Chimp Change

Photo: courtesy 20th Century Fox

Hollywood’s motto could easily be “monkey see, monkey remake,” despite the fact that remakes are always far worse than the original. Next to remakes in usefulness are the sequels; the deservedly successful Planet of the Apes (1968) was followed by four of them, plus a TV series and a cartoon series – all, needless to say, vastly inferior. But we are dealing here with the particularly dense producer- and filmmaker-apes, who, unlike those in the movie, do not assert their superiority to humans but sink, crowd-pleasingly, to their level.

Why was the original Planet of the Apes so appealing? Because we are fascinated with those creatures genetically closest to us, titillated by the idea of their emulating us – even overtaking us in some ways – but not eventually supplanting us. It was, despite abundant monkeyshines, still human enough. In Tim Burton’s new version, the accent is on technology. Space-station and space-capsule technology; gimmick, gadget, and gizmo technology. And also on the new filmmaking technology: Everything is bigger, fancier, more digitally magnified and multiplied. Charlton Heston and his pals were pursued by only a modest complement of apes, who did not even have suits of armor. Now enormous simian and human armies clash by night and day, till surfeit sets in well before picture’s end.

True, the 1968 screenplay had some labored jokes, but at least they were original. The new screenplay, by William Broyles Jr. with Lawrence Konner and Mark Rosenthal, has very little humor and gets its few laughs from comic twists on some of the original’s dialogue and situations. Indeed, the funniest bit is the reappearance of Heston in a simian cameo, allowing him the same last line as in 1968. (Then, of course, it had tragic impact; here, it is merely parodic.) And in 1968 there were no such silly sequences as that of the hero and his friends escaping through a variety of ape abodes and farcically interrupting various goings-on within.

Where Heston had heroic virility, Mark Wahlberg, the new hero, capitalizes on his boyishness. Further, Heston had a genuinely moving, loving friendship with the chimpanzee scientist superbly played by Kim Hunter, which, despite Helena Bonham Carter’s valiant effort, the present film cannot duplicate. And Heston also had an evolving and involving relationship with Nova (the beautiful Linda Harrison, eloquent even in a nonspeaking part); Wahlberg has nothing of interest going with Daena, her counterpart here, whom the very ordinary Estella Warren, for all her lines and heroics, cannot endear to us.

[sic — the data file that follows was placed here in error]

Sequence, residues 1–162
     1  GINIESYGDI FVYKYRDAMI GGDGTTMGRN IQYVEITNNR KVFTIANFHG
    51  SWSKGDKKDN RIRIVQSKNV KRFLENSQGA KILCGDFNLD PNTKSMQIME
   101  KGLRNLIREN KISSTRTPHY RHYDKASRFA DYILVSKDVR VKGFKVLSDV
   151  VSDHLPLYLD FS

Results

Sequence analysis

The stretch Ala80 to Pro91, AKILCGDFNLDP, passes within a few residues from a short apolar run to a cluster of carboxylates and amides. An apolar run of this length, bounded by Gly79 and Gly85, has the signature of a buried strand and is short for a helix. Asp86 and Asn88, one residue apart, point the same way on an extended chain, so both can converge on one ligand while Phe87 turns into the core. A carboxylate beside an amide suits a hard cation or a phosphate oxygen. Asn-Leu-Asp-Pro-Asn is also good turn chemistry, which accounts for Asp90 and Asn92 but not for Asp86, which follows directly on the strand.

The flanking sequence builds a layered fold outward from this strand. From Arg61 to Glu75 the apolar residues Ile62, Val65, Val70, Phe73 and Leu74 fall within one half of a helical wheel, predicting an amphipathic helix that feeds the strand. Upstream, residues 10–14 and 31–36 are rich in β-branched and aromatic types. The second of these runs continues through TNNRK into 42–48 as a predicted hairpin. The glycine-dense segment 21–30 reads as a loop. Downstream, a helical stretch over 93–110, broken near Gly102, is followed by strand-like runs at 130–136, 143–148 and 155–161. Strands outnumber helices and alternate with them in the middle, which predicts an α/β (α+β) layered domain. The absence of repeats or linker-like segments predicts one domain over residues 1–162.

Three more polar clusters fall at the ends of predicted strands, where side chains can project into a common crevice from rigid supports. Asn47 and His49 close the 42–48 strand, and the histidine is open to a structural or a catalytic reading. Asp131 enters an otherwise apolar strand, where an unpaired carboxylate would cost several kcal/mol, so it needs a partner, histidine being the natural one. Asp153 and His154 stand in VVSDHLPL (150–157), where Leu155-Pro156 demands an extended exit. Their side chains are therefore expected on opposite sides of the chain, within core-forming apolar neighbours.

What does Burton offer beyond technology? There is striking cinematography by Philippe Rousselot, and elaborate ape makeup by Rick Baker (though the 57 varieties of simian physiognomy are less winning than the fewer, simpler monkey faces that John Chambers created for the original). There are a few fine performances, notably Tim Roth as the evil Thade, who snarls and moves with exquisite menace, and Michael Clarke Duncan as his imposingly powerful lieutenant. While he is no substitute for Roddy McDowall, Paul Giamatti manages at times to outwit his rather witless role, and Bonham Carter’s sweet face is allowed to peek demurely through her cavalierly light chimp makeup. There are also some impressive gymnastics from the spectacularly leaping or ferociously, four-footedly loping apes.

The new Planet is devoured by its own mechanical ostentation, generates no emotional involvement, and has a smart-ass, infinitely less powerful ending than the original. It leaves some characters in a state of unresolved limbo, hinting at a possible sequel, from which may heaven preserve us. Burton wanted performances that were “20 percent ape and 80 percent human.” It remains to be seen whether there are enough moviegoers in whom those figures are reversed to make this remake a hit.

Peter Rainer is on a brief leave.

Planet of the Apes
Directed by Tim Burton; starring Mark Wahlberg, Tim Roth, and Helena Bonham Carter.

Chimp Change